Author's Note: So, I was feeling sorry for Beadle Bamford, because he has no stories under his character filter. I don't think I should have to say this, but this is from the Beadle's point of view and contains opinions that are not mine. Warnings for animal cruelty, misogyny, and alcohol use. Don't they sound funny together?
Note: I'm not warning for Beadle Bamford's crush on Judge Turpin anymore. If you're offended by men being attracted to other men, I am not going to accommodate that.
Disclaimer: I don't own Sweeney Todd.
The Throat of a Bird
When Beadle Bamford returns from taking Miss Johanna to the asylum, he finds Judge Turpin slumped in an armchair in the library. He has a glass of brandy in his hand. Bamford can tell that this isn't his first glass of the evening.
"My lord," he says. Turpin looks at him with bloodshot eyes, and Bamford feels that odd ache in his chest that has bothered him since he met the judge twenty years ago. He thought so well of the man that he would've done anything for him. Not much has changed in twenty years, at least in that respect. "I delivered your ward to Fogg's Asylum, just as you asked. I believe a week or two there will make her realize the error of her ways."
"Very good," Turpin mutters, but he doesn't sound as though he means it. Bamford approaches him and takes the glass from his hand. Ordinarily, he wouldn't be so forward, but Turpin is very drunk. Anyway, he probably won't remember this in the morning. He gives up the glass without a fight, and Bamford sets it on the table.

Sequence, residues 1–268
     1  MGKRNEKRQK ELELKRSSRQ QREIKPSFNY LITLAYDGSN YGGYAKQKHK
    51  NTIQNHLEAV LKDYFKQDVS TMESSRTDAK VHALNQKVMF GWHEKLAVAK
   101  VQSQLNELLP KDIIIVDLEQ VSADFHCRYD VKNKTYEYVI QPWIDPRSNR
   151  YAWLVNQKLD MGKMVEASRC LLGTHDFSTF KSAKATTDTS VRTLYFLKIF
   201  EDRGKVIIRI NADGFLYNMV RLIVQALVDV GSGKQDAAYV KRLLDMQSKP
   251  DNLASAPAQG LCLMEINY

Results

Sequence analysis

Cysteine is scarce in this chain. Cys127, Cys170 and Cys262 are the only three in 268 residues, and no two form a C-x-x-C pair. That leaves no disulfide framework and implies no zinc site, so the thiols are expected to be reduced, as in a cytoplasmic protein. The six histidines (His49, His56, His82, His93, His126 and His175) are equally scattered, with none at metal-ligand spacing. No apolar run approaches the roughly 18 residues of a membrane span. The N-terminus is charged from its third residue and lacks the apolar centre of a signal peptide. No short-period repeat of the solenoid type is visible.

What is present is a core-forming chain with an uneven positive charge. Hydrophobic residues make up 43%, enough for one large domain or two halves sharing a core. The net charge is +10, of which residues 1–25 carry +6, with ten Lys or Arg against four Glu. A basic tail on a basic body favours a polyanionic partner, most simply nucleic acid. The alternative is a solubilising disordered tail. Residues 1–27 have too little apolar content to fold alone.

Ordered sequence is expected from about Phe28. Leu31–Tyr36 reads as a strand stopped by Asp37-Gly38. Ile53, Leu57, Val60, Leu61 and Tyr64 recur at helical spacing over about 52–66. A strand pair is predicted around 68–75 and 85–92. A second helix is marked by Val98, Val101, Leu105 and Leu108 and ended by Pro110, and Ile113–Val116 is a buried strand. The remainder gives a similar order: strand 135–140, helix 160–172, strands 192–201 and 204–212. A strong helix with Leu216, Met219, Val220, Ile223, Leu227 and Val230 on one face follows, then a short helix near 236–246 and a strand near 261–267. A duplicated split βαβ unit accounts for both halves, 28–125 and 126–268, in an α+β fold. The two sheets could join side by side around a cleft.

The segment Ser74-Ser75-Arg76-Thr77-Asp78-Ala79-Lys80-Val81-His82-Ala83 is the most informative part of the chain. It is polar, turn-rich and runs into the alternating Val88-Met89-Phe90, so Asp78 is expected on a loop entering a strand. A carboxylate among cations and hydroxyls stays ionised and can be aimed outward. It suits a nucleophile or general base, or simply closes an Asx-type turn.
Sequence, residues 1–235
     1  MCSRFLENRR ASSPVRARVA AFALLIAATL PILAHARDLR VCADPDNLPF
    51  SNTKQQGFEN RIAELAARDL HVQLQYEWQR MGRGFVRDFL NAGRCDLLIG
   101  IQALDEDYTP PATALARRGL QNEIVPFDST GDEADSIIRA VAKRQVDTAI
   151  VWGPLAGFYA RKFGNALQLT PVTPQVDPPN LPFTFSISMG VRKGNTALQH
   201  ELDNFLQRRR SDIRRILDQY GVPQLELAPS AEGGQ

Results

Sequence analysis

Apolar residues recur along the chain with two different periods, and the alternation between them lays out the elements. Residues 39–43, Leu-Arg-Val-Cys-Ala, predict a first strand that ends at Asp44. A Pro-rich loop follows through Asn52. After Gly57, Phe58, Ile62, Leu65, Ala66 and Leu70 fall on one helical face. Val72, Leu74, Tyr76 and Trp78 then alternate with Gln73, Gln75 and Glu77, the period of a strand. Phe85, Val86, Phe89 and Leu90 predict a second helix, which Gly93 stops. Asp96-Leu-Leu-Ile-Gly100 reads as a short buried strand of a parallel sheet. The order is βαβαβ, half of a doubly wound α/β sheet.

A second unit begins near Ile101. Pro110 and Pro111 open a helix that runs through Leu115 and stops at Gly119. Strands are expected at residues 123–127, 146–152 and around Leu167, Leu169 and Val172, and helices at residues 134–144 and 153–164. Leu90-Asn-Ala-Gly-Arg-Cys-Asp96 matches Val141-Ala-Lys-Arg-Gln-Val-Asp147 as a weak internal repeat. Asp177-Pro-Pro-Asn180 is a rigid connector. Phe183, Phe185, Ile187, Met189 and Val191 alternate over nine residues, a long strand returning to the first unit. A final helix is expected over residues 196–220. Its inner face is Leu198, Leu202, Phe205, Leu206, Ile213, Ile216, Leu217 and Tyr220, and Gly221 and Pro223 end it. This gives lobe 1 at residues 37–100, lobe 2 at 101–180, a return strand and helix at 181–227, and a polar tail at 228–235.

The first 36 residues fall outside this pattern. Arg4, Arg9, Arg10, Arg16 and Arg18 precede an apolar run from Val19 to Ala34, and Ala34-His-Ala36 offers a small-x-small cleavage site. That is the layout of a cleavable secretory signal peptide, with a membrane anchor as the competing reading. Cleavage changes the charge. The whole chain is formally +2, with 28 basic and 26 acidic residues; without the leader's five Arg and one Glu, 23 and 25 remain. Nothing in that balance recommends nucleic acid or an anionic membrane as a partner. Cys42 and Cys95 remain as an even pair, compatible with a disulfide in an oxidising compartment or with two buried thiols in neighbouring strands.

"You know, my lord," he says carefully, "women are very fickle, especially at that age. You mustn't let her foolishness bother you. The sailor is just a passing fancy. Any woman in her senses would choose you over him."
Turpin picks up his glass again and downs its contents in one gulp. He looks so defeated that Bamford finds himself hating that prissy little baggage even more than usual. Miss Johanna reminds him of his wife's lapdog: useless and irritating but inexplicably beloved. He wishes that he hadn't shown such self-control in the carriage on the way to the asylum. He only used the amount of force necessary to restrain, but he should have broken her pretty little arm.
Finally, Turpin speaks.
"I don't want any woman. I want her."
"And you'll have her, my lord," Bamford assures him, although he has to suppress a groan. It's just like Turpin to pursue a woman who isn't worth the trouble. There's just something about the word "no" that drives him mad. "It's just a matter of time, and not that much time, either. Miss Johanna has been raised in luxury. She isn't used to hardship. I won't be surprised if she repents before the week is out."
Turpin doesn't seem to hear him. He just slams his glass on the table and buries his face in his hands. Bamford starts to approach him, but thinks better of it. A man in grief should be left to himself. So, for lack of something better to do, he selects a volume from the bookshelf and begins to leaf through it. Countless illustrations of exotic women in exotic poses pass before his eyes. All the same, he thinks. All women are the same, and girls always take after their mothers. If anything, they get worse. After all, Mrs. Barker could never match Miss Johanna for cruelty.
Before he leaves Turpin's mansion that night, he makes sure to slip into Miss Johanna's bedroom, where he finds her silent pet lark. With a quick twist of his fingers, he snaps its neck. Then he leaves it to rot in its cage. When she returns, defeated and broken, it will be the first thing she sees.
Author's Note: Obviously, I got the idea from that scene in the musical where Beadle Bamford snaps the neck of the bird that Anthony buys for Johanna. It's a good scene. I'm not sorry they replaced it with the "gandering" scene, though, because that was kind of hot, as ashamed as I am to admit it...